Feeds

Soot warming 'maybe bigger than greenhouse gases' - NASA

Forget Copenhagen CO2 cuts, tune your diesel properly

Intelligent flash storage arrays

Researchers from NASA's Goddard Space Flight Centre, also the home of famous carbopocalypse doom-prophet James Hansen, have repeated earlier assertions that atmospheric soot may be as important as greenhouse gases in driving global warming.

This could be good news for humanity, as atmospheric soot levels would be much easier to reduce. Filtering soot out of exhausts from diesel engines and coal burners is simple compared to removing and sequestering CO2, and as an added benefit the effects would be rapid: soot doesn't persist in the atmosphere for long periods the way greenhouse gases do, as it is washed out by rain or snow. However, many environmental campaigners would resist the idea of soot taking centre stage, fearing that this could lead to a reduced emphasis on greenhouse-gas emissions reductions.

Himalayan glaciers feed many of the great rivers of southern Asia. Credit: NASA

Ice running off the gutters of the 'roof of the world'.

Earlier investigations including the effect of soot had focused on the Arctic, where Goddard scientists have previously suggested that "the impact of aerosols is just as strong as that of the greenhouse gases". Aerosols include soot, which tends to heat the atmosphere, plus sulphates and others which cool it. Unfortunately sulphates also cause acid rain, and clean-air regs in the US and Europe have seen them massively reduced - and the Arctic warm up.

Now, Goddard researchers have carried out new investigations into the effects of sooty aerosols on the glaciers of the Himalayas - sometimes known as the planet's "Third Pole". Glacial melting in the Himalayas has received a lot of play in the greenly-inclined media lately against the background of the COP15 international climate talks underway in Copenhagen; it is widely felt that the mountain ice is disappearing much faster even than CO2-alarmist climate models predict, and that this is a reason to suggest that the Copenhagen talks - focused entirely on greenhouse-gas emissions - may be the last chance for humanity to save itself from a disastrous climate apocalypse.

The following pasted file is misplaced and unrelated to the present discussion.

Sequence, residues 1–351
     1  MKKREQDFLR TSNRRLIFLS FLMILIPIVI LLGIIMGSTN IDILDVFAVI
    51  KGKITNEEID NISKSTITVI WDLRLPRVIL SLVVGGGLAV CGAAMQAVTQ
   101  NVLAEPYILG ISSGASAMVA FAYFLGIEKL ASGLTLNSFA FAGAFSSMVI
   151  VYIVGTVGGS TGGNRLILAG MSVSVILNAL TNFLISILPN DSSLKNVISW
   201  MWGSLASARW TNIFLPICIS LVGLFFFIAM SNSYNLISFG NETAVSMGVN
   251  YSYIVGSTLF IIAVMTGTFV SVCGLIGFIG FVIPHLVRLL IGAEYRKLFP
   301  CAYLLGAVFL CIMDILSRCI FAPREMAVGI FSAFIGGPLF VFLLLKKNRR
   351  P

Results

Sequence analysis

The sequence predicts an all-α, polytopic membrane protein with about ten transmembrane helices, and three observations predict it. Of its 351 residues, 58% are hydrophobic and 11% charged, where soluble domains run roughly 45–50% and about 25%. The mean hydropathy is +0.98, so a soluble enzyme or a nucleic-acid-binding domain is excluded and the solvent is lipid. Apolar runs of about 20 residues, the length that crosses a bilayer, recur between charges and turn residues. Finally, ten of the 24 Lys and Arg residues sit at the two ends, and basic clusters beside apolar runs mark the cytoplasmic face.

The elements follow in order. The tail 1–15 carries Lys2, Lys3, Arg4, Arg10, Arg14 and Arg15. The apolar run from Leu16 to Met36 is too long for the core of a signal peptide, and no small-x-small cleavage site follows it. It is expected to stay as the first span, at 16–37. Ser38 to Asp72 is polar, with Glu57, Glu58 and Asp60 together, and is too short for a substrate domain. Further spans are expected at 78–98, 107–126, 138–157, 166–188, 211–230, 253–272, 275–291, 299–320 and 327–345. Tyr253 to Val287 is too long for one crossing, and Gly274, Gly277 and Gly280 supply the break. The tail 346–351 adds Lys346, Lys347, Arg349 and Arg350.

Intelligent flash storage arrays

More from The Register

next story
MARS NEEDS WOMEN, claims NASA pseudo 'naut: They eat less
'Some might find this idea offensive' boffin admits
LOHAN crash lands on CNN
Overflies Die Welt en route to lively US news vid
Comet Siding Spring revealed as flying molehill
Hiding from this space pimple isn't going to do humanity's reputation any good
Experts brand LOHAN's squeaky-clean box
Phytosanitary treatment renders Vulture 2 crate fit for export
Boffins who stare at goats: I do believe they’re SHRINKING
Alpine chamois being squashed by global warming
No sail: NASA spikes Sunjammer
'Solar sail' demonstrator project binned
Carry On Cosmonaut: Willful Child is a poor taste Star Trek parody
Cringeworthy, crude and crass jokes abound in Steven Erikson’s sci-fi debut
prev story

Whitepapers

Cloud and hybrid-cloud data protection for VMware
Learn how quick and easy it is to configure backups and perform restores for VMware environments.
A strategic approach to identity relationship management
ForgeRock commissioned Forrester to evaluate companies’ IAM practices and requirements when it comes to customer-facing scenarios versus employee-facing ones.
High Performance for All
While HPC is not new, it has traditionally been seen as a specialist area – is it now geared up to meet more mainstream requirements?
Three 1TB solid state scorchers up for grabs
Big SSDs can be expensive but think big and think free because you could be the lucky winner of one of three 1TB Samsung SSD 840 EVO drives that we’re giving away worth over £300 apiece.
Security for virtualized datacentres
Legacy security solutions are inefficient due to the architectural differences between physical and virtual environments.